[LINK] ACMA and Senator Conroy Versus Rail Travellers

Tom Koltai tomk at unwired.com.au
Fri Mar 11 16:44:28 AEDT 2011

In the Army there is a saying, if it moves, salute it, if doesn't, paint

In Australian Government parlance, the saying has altered... If we can
sell it, then do so. If someone already owns it, then legislate recovery
and then sell it.
And contrary to ACMA's announcement last week in relation to the
renewability of spectrum licences that were being used post 2014 expiry

It would seem the Government have already reneged on that arrangement -
which doesn't bode well for the ambitions of Vivid and their desire to
keep their 3.6 Ghz spectrum in the face of the NBN's needs.
If I was the Seven Network Board I would be watching the outcome of this
little bunfight (below) very closely...

The reneging ?

Todays' story in the Australian refers.:  (My comments follow Aus

Quote/ [From:

$500m rail spectrum investment in limbo 

Communications Minister Stephen Conroy's most senior departmental
advisors from the communications regulator have told the rail industry's
peak body that they will have to prove they can't use commercial
carriers to run the new system.

Bryan Nye, chief executive of the Australasian Railway Association, who
is fighting to retain the licences on behalf of states, said that the
government's prime concern at the meeting was the loss of revenue from
re-auctioning the licences.

"At the end of the day, they want to put dollars before lives on the
rail lines. They are concerned about their loss of revenue if we
continue on with this spectrum campaign," Mr Nye said.

Mr Nye said the ministerial advisors at the meeting told the ARA the
railways "would find some other way" of rolling out the new safety
system which is being rolled out in an anticipation of future high-speed
train projects.

"I thought public interest and public good would predominate in the
minds of policy makers. It's hard to understand government departments
trying to increase their commercial revenue over the national interest.
It's just hard to understand that," he said.

Senator Conroy refused to comment on the meeting citing departmental
policy surrounding talks with stakeholders.

"The department doesn't comment on the details of meetings with
stakeholders," a spokeswoman for Senator Conroy said.

Mr Nye said that the states would now escalate their campaign to retain
the licences to cross-bench ministers and the Greens which are strong
proponents of high-speed rail.

States have invested more than 10 years of co-operation and $500m in the
system, called GSM-R, which depends on states retaining their 1800MHz
spectrum allocations.

The system which is nearly complete in Victoria and expected to be
operating nationally by 2014 would place state passenger rail signalling
and safety operations on a federated system for the first time.

Without the system "the trains will simply stop", Mr Nye warned.

However, the railways' 1800MHz spectrum licences are due to expire in
two stages, from 2013 and 2015, and interest in the spectrum from mobile
operators' is at an unprecedented high.

Worldwide, the 1800MHz spectrum has been selected for next-generation
mobile services known as Long Term Evolution and Australian carriers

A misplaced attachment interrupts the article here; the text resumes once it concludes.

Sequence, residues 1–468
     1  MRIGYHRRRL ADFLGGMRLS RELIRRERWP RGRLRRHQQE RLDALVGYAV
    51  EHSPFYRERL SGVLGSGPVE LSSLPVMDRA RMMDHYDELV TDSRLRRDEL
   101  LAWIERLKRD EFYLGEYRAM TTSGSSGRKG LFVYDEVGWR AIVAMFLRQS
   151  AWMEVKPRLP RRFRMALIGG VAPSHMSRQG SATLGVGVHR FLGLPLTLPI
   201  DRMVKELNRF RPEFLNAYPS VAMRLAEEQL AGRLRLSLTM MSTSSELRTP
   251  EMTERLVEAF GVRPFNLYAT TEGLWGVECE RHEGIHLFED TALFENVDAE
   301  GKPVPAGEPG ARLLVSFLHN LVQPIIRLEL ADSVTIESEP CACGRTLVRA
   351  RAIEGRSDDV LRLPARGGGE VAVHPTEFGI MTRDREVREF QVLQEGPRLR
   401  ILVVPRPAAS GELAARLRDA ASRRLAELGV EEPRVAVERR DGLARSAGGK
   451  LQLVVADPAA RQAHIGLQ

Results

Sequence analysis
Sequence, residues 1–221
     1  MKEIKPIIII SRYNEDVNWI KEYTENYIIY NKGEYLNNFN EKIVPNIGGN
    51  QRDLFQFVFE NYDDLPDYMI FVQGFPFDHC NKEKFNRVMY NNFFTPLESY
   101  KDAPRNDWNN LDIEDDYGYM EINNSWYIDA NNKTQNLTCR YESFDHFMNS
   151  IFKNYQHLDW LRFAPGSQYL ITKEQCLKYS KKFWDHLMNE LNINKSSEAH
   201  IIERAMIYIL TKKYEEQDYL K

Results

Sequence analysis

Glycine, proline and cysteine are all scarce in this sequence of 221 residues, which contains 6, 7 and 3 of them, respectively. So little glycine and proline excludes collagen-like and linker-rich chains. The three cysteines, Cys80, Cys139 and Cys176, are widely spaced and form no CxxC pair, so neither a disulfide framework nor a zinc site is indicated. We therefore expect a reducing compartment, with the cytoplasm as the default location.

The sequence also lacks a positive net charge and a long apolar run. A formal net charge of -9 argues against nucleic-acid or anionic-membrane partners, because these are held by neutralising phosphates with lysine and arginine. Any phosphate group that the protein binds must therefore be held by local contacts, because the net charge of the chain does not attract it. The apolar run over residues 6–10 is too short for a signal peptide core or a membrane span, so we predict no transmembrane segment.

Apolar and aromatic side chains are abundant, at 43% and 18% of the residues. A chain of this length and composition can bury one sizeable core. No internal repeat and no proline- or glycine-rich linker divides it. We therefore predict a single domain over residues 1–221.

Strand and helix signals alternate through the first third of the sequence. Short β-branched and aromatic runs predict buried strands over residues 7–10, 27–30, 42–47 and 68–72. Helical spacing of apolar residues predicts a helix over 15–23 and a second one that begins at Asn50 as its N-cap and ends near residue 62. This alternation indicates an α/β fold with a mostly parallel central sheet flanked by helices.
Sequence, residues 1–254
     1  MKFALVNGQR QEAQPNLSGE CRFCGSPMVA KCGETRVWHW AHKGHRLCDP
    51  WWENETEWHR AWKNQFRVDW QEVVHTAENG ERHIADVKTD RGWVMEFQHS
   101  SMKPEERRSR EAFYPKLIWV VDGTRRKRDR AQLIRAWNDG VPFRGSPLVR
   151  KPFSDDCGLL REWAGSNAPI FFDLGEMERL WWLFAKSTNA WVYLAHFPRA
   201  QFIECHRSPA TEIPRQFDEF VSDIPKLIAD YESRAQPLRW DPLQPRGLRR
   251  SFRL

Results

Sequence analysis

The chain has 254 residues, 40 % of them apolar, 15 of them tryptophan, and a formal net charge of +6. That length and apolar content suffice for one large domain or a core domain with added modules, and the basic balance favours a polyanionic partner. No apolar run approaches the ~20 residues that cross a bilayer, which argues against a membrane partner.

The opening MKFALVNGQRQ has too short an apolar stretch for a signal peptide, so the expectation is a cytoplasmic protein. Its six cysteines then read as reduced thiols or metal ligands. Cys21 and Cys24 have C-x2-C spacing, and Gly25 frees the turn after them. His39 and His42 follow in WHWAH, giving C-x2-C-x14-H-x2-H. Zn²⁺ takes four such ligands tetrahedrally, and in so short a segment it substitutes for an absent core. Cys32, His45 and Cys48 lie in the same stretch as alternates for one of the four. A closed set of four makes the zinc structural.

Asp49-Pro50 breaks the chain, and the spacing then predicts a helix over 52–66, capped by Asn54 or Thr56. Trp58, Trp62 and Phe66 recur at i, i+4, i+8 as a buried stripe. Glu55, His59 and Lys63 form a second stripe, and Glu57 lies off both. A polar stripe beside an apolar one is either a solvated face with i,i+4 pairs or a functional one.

currently have limited allocations of the spectrum.

They're placing heavy pressure on the communications regulator to make
more of the railways' spectrum available to maximise its use for LTE.

The ARA bought the licences in the One.Tel fire sale for a song at $20m.

Mr Nye said the railways would not be able to compete with carriers in
any new commercial auction.

The Department of broadband Communications and the Digital Economy
(DBCDE) declined to reveal whether it had estimated the commercial value
of the railways' 1800MHz spectrum holdings.


If Government takes back assets from Government or Government authorised
independent bodies. what hope is there for private industry.

Colleague and Radio Specialist Adam C. suggested that :

"There's no reason ARA cannot use GSM-R using highly directional
antennas and low power levels and still operate parallel with LTE.
Especially if ACMA hired more radio inspectors and actually did their
job when it came to spectrum planning :P"
(In other words, exactly the same as occurred with the overlap between
Unwired and Vodaphone at 1.9 GHz).

Of course Adam was referring to the fact that apart from Telstra, Optus
and the NBN the next biggest owner of easements and fibre would be the
ARA. (The fibre is for their signals networks).

So the question remains, is this claw back of legally purchased (from a
liquidator) assets legal under Australian law or do we have a situation
where we need to revisit the "Australian Constitution" with unanswered
(Then again as far as Liquidators actions, I'm with the Government on
this one. Liquidators do not always act in the best interests of the

So the only question remains is, will the desperate need to satisfy
lobbyist driven commercial interest awareness outweigh common sense?

I catch trains occasionally, so I hope not. I'm sure the other 1.6
million Australians that catch trains also hope not...

If the Government keeps reneging on it's promises, someone will have to
set-up a public scoreboard.

At half time the score is:

Currently elected Government Officials         2 
Jon Q. Public                                            -2
Opposition Shadow Ministry                        On the Fence awaiting
the public mood...


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